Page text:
It was festival night in Amman… Underneath the cleanness of the non-war, I was still not there. I had survived, I was alive. The shadow of death had passed over my body. But I had left myself there, in the salt and blood and crazy sunlight. (245)
In Iraq, 4,369 U.S. soldiers have died, and 873 in Afghanistan, and more all the time. That is not counting the deaths of local people who are tallied as combatants, or wading in the question of whether they were or weren’t. Either way, that’s six digits of people, dead for a cause I cannot articulate except in the most abstract terms. (251)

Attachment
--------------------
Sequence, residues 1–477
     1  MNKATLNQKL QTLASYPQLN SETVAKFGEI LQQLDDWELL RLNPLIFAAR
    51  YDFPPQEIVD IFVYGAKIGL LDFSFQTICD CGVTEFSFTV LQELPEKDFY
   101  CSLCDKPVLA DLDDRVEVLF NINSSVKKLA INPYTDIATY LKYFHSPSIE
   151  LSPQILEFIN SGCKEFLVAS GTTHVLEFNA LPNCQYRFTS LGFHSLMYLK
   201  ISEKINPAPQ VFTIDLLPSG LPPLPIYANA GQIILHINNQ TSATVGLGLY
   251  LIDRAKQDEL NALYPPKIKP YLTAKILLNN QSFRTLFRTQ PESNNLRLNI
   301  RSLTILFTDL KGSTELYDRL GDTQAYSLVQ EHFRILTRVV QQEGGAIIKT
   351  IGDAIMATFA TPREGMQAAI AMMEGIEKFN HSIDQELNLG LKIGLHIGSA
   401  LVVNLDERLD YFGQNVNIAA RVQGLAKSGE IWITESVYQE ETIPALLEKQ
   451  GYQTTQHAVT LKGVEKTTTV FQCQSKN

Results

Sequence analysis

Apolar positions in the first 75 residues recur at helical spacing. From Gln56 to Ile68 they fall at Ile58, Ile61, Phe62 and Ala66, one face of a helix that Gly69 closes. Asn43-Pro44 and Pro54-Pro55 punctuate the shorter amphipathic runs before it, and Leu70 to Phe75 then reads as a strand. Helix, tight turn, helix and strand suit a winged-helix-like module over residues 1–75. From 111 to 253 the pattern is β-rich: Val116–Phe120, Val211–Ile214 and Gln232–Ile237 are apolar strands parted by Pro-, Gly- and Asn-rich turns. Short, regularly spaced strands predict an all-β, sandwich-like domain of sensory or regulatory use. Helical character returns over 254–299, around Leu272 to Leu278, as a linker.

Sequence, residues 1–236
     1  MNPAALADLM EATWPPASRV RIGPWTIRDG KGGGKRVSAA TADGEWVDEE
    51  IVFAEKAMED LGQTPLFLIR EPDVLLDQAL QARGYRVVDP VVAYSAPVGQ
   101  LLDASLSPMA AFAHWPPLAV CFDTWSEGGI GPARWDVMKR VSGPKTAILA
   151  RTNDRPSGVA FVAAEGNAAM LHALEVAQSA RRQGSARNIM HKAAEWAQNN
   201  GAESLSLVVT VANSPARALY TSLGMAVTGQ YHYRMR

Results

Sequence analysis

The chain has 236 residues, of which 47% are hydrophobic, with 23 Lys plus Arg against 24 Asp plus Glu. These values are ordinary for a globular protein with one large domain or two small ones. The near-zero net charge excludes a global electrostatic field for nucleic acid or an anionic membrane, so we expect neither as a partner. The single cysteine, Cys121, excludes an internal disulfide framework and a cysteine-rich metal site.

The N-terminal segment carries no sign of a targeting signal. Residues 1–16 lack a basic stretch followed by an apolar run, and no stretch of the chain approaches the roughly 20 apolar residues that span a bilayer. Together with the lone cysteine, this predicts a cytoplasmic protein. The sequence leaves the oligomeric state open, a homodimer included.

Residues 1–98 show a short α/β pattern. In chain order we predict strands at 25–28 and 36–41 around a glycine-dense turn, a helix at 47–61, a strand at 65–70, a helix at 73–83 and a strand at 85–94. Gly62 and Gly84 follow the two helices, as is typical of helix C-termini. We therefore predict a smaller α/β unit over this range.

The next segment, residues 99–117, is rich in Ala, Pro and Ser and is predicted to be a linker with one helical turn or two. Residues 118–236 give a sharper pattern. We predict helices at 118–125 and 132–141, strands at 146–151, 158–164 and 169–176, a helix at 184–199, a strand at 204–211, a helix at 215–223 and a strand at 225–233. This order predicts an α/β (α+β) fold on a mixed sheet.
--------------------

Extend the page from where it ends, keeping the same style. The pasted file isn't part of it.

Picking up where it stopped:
That you can survive and not survive, both at the same time. That in war, every man in this village is a liar.
TESSA LUNNEY is undertaking a Doctorate of Creative Arts at the University of Western Sydney. She is looking at silences in contemporary Australian war fiction, and is writing a novel as the bulk of her dissertation. She has previously published reviews in Southerly, and poetry and short fiction in Illumina, Hermes and Phoenix. She lives in Sydney.